Ballot measure targeting Park Hill golf course land would require a vote to develop Denver open space

At least one city council member wants local legislators to refer the measure to the ballot to protect the public from collecting signatures during a pandemic.

The Denver skyline stands tall behind the Park Hill Golf Club. (Kevin J. Beaty/Denverite)

The Denver skyline stands tall behind the Park Hill Golf Club. (Kevin J. Beaty/Denverite)

staff photos

Activists who want to stop homes and businesses from being built on a defunct Park Hill golf course have pitched a ballot measure that would require Denverites to vote before development could occur on that site and other park-like lands in the city.

The Park Hill open space saga is long and complicated, but here’s the quick-and-dirty:

There are 155 acres of grass and trees sitting along Colorado Boulevard, fenced off to the public, that once housed the Park Hill Golf Club. Some people want to see the land rise into a new district of homes, businesses and parks. Others want to see the land preserved and used as a public park.

Westside Investment Partners, a development firm, owns the land. The company has plans to build places to live, work and play near the 40th and Colorado RTD station. While a $6 million settlement last year ensured a public process and approval from the Denver City Council prior to any development, some open space advocates say a 1997 conservation easement on the site prevents any development at all.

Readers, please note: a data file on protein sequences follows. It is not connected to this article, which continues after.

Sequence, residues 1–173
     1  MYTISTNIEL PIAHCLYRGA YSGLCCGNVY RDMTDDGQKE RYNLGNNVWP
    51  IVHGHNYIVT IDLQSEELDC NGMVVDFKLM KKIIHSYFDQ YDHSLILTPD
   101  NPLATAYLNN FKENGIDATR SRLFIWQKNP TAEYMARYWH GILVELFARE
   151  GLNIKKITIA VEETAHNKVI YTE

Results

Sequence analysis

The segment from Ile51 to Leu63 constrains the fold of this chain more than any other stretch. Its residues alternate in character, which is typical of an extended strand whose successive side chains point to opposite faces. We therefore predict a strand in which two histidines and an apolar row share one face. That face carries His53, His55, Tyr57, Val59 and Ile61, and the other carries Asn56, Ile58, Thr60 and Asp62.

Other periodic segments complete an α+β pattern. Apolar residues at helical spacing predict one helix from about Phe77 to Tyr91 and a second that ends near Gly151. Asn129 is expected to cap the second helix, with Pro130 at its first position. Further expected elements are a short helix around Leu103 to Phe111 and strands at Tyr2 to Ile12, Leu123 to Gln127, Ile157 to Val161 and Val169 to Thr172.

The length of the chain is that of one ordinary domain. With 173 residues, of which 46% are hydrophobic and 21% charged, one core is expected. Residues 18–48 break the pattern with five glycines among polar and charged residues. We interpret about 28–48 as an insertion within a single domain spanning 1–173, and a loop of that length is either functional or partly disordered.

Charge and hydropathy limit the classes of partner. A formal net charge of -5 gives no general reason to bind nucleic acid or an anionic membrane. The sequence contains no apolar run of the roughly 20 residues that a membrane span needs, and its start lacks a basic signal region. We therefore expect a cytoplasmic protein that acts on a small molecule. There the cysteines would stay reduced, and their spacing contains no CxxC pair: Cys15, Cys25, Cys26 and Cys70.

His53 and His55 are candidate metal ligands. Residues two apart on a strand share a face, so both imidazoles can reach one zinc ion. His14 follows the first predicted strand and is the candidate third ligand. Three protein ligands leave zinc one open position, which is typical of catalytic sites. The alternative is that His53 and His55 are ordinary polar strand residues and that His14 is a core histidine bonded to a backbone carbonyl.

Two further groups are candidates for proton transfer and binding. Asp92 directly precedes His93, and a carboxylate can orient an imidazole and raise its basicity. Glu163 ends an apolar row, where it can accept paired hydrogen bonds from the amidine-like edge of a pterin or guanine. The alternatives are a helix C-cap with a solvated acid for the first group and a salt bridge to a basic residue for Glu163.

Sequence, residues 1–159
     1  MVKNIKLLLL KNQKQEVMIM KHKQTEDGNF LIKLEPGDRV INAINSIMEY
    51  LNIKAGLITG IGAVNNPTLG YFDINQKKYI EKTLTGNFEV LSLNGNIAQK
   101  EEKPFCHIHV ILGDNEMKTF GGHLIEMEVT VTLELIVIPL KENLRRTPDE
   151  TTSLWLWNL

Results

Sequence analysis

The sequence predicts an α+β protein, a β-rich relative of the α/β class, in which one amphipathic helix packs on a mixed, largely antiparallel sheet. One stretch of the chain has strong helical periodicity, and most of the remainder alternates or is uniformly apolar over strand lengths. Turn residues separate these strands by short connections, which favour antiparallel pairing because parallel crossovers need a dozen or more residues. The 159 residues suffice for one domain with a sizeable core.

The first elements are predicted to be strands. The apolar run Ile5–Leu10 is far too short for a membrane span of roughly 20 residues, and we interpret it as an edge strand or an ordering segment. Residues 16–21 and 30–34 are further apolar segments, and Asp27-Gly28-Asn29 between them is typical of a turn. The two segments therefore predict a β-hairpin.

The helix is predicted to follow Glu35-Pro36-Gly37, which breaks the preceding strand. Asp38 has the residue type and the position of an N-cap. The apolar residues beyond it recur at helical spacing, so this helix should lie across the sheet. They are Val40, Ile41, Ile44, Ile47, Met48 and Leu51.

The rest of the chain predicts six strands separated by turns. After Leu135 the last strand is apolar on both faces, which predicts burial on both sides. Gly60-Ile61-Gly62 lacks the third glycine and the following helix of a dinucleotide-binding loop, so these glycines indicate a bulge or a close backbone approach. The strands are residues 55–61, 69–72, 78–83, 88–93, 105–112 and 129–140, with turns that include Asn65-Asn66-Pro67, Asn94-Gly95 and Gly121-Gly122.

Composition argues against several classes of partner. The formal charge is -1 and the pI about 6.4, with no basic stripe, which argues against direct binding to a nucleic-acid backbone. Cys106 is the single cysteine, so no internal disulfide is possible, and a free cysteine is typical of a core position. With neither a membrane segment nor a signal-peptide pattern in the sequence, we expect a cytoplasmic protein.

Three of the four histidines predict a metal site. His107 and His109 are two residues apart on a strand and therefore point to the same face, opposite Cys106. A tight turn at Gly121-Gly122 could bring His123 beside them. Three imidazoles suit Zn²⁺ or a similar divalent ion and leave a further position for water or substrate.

The ballot measure, filed by five activists including former state legislator and Denver mayoral candidate Penfield Tate III, would give voters the ability to block commercial and residential development. If the question makes it to the ballot and voters approve, commercial and residential development on land with conservation easements would require a citywide vote to move forward.

The Denver Election Division approved the initiative’s language last month. Activists must collect 8,265 signatures by July 6 to get the question in front of voters in November. If they collect those signatures by October 18, the question would make the November 2021 ballot. Collecting signatures poses risks because of COVID-19, so Councilwoman Candi CdeBaca is lobbying her colleagues to refer the measure to the November ballot with a city council vote.

This article was updated to correct an error in reporting. The ballot measure would require voter approval for commercial and residential development. It would not automatically block development on the golf course property.

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